This blog is maintained on behalf of the Amy Foundation for the purpose of tracking the best Christian journalism we find on the Web. Our posts regularly identify those news articles or opinions in the mainstream media that represent good faith-based writing and example them for other Christian journalists.

Sunday, January 13, 2008

Now playing on GodTube

Here is a great story about GodTube—a Christian response to YouTube—written Stephanie Shapiro for the Baltimore Sun, entitled, “Clicking with Jesus,” (1/13/08).

Stephanie writes:
Spend an hour on and you'll find that God is in the details of thousands of videos. He is benevolent. He is angry. He is forgiving. He is grief-stricken. He is ecstatic. He supports Mike Huckabee and Ron Paul, too. He is there for Britney Spears, and He wants to save gay people from unholy desires.

Created in the image of YouTube, the Christian video-sharing site presents a God of unlimited dispositions. "A Letter from Hell," a fire-and-brimstone drama chronicling the fate of a teen drunken driving victim, suggests a judgmental God. "Little Girl and Psalm 23," a home video of a toddler reciting the song's sacred words, argues for a God who meets cute. In "That's My King!" the late preacher S.M. Lockridge's cadenced catalog of deific virtues, God is praised as all of the above - and more.
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The article does a wonderful job exploring the complex nature of an online Christian community where varying ideology and theology mix to create a rich online tapestry of Christ.

But for all the good achieves in encouraging personal expressions of faith in new forms of media, it stands as an example opposite of what the Amy Foundation, through the Amy Writing Awards, is trying to encourage, which is the sharing of one’s Christian faith, reinforced with scripture, in the mainstream media.

How easy is it to stand in front of your church and share your faith when you consider sharing it at a football game or at a work conference or across the street at your neighbor’s house?

Just like the local church, however, we need sites like GodTube to encourage people’s faith. It is my hope that those posting on GodTube, also post on YouTube too, so that their faith with “shine before [all] men” (Matt 5:16).

Stephanie’s interesting and engaging article is exactly the time of Christian journalism, published in the mainstream press, that we celebrate through the annual Amy Writing Awards. Unfortunately, I didn’t see where her writing included a piece of identifiable scripture, so the article doesn’t technically qualify for the 2008 Awards.

Stephanie, great job, keep up the good work, and try to work scripture in next time!

What we’re not looking for …

Sometimes I struggle with the title of our blog, “the best Christian journalism on the web,” simply because we are trying to highlight people sharing their faith more so than excellent writing. (We definitely take both faith and good writing when we can get it.)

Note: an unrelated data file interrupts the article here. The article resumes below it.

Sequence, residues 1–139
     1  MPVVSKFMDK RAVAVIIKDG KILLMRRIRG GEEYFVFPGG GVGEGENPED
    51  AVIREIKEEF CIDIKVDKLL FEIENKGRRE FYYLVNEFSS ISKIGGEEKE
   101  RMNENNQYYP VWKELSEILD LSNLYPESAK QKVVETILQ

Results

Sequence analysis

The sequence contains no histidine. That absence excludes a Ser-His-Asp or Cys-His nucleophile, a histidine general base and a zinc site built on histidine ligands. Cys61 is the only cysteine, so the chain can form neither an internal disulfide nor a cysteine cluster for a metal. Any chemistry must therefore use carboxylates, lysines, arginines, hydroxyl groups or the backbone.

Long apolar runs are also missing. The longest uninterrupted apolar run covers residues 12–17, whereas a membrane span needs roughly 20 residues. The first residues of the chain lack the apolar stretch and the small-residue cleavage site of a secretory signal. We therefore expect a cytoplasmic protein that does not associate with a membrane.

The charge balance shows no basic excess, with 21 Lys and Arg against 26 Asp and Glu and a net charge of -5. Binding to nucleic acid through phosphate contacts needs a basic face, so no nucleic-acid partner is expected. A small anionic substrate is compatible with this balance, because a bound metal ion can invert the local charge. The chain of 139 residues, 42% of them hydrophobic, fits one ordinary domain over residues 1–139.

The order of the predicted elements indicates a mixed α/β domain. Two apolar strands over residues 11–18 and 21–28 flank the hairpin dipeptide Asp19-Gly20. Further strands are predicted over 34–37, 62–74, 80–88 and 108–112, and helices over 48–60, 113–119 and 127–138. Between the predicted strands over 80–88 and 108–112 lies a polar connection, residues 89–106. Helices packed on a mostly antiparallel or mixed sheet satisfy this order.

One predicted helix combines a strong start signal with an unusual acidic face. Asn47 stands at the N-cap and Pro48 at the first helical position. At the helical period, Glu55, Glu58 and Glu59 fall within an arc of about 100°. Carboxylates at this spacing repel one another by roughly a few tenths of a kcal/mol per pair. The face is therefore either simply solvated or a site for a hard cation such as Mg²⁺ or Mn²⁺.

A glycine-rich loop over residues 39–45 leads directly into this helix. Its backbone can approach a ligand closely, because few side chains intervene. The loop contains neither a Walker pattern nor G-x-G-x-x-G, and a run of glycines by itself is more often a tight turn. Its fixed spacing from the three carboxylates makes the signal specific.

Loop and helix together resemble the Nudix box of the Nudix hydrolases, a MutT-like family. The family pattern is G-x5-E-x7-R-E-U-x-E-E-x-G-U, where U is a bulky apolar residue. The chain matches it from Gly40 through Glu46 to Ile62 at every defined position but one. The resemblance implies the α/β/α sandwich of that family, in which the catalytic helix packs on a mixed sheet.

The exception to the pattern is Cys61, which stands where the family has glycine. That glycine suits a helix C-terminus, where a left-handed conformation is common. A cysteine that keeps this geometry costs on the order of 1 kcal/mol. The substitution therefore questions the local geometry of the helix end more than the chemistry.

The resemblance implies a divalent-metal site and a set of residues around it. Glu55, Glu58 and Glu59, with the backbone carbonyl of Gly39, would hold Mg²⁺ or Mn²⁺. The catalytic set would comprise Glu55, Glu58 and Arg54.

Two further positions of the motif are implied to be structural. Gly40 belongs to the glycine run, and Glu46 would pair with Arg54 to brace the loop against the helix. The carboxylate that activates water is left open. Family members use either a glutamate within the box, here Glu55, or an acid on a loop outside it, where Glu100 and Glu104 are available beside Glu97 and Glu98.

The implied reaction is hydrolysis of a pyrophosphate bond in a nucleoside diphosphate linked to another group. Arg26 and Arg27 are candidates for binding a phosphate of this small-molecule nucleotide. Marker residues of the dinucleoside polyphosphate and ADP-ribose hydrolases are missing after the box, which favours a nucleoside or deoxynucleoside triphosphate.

Unfortunately, I run across the combination of bad faith and writing all the time. Let me share a sample I found today:

Many today are seeking fame and fortune. Remember the television show "Lifestyles of The Rich and Famous"?

When you see these so called fortunate people, do you think that they are really peaceful, content and happy? Or are they always wanting more, bigger and better things for themselves?

Look at the bad young girls of Hollywood today. They have got the amenities, but are they content and happy? Their fame and fortune seems to be destroying them on every level.

Their debauchery and low lifestyles are pictured in magazines, on television and in the gossip rags at every grocery store checkout lanes. Their notorious living gets top billing and front-page coverage.
(There’s more … a little later in the 318-word opinion, the author calls “them” “losers.”)

What is so troubling is that this judgmental, angry rant clearly comes from someone with a Christian faith perspective. The writer even references—but doesn’t quote—scripture (I Timothy 1:12, which it doesn't fit) to support her rant against the evil she sees in the world.

While clearly I agree with the writer that the fame and fun pursued by the Hollywood set is fleeting and self-destructive, I question whether she considers her audience as she caustically shares her perspective on God's truth. How many people read to the very end to reach the author’s salient conclusion: “Which is the better choice -- fame or faith? Fortune or faithfulness to God? One is temporal and the other is eternal.”

What makes me frustrated as I read is the opportunities destroyed by carelessness when we through out insults like, "so called," "low life," "gossip rags," and a little later, "losers."

Too many times people are turned off to God’s Good News of grace and peace by our offensive and angry rhetoric. Jesus told us that “… the Son of Man came to seek and to save what was lost” (Luke 19:10), not to offend them.

It is my hope that fellow Christian writers will see articles like this one and feel challenged to share the good news even more, knowing we have to overcome evil with good, good writing with bad, and good faith with what’s not so good.

Keep writing!

Saturday, January 12, 2008

solid, non-qualifying article in the Indianapolis Start

Here is a solid, non-qualifying Amy Writing Award article, written by Tom Enrich for the Indianapolis Star, entitled, “Transformation is necessary to better ourselves, communities” (1/12/08).

Enrich writes:
In the Church Wellness Project (, we talk about three aspects of membership development: recruitment, retention and transformation.

The first two can be clearly, if inelegantly, stated as bringing new members in the front door and keeping them from going out the back door.

Both need to be in balance. It does no good to focus so much on new members that existing members feel abandoned and unloved. Nor can we be so solicitous of existing members that newcomers feel unwelcome and invisible.